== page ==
Whether we like it or not, we have a few more weeks to wait for the warmer seasons. The official start of spring is 3 weeks away and some parts of the country are still dealing with winter weather and freezing temperatures. Does that mean mosquito control is something that shouldn’t be on our minds yet? Well, not exactly.
Even during winter months and cold temperatures, female mosquitoes are around. They go into a state called diapause. David Denlinger is an entomologist at Ohio State University in Columbus and he describes diapause as a state where mosquitoes “essentially shut down their development and hunker it out until spring comes.” The mosquito eggs are even more resilient. Mosquito eggs have been known to stand up to many harsh situations and survive through them. While it is very common for female mosquitoes to lay their eggs on or near standing water, they can survive desert situations, freezing temperatures, and other forces of nature such as storms. Keep in mind once a mosquito egg hatches it becomes an adult (adult = biting) in 4-7 days, so this process is a quick one.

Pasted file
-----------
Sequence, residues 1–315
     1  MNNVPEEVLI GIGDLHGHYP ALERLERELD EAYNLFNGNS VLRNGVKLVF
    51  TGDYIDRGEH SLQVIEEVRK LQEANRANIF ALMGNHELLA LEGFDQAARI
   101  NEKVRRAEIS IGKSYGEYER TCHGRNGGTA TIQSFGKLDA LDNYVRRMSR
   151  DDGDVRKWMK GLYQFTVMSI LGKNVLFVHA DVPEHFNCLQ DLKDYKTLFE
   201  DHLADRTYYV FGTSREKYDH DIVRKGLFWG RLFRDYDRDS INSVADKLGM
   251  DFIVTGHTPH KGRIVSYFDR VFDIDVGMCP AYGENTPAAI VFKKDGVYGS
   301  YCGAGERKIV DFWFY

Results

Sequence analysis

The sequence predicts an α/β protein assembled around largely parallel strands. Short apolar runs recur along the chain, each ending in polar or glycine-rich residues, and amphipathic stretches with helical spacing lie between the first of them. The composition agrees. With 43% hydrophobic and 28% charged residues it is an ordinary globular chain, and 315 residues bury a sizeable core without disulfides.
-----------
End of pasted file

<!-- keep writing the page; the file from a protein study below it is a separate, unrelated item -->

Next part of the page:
How can you avoid a spring hatching of mosquitoes in your yard? Remember, snow melts into water. Make sure your yards are clear of anything that can catch rainwater or melting snow. These can include something as simple as a child’s toy, a shovel laying on the ground, flower pots or a swing. Keep these empty and you can avoid an overabundance of mosquito eggs. And of course, go ahead and get on the schedule for the first spray of the season with your local Mosquito Joe. We’ll make sure you spend your time doing the things you love instead of swatting this spring and summer.
photo credit: NPR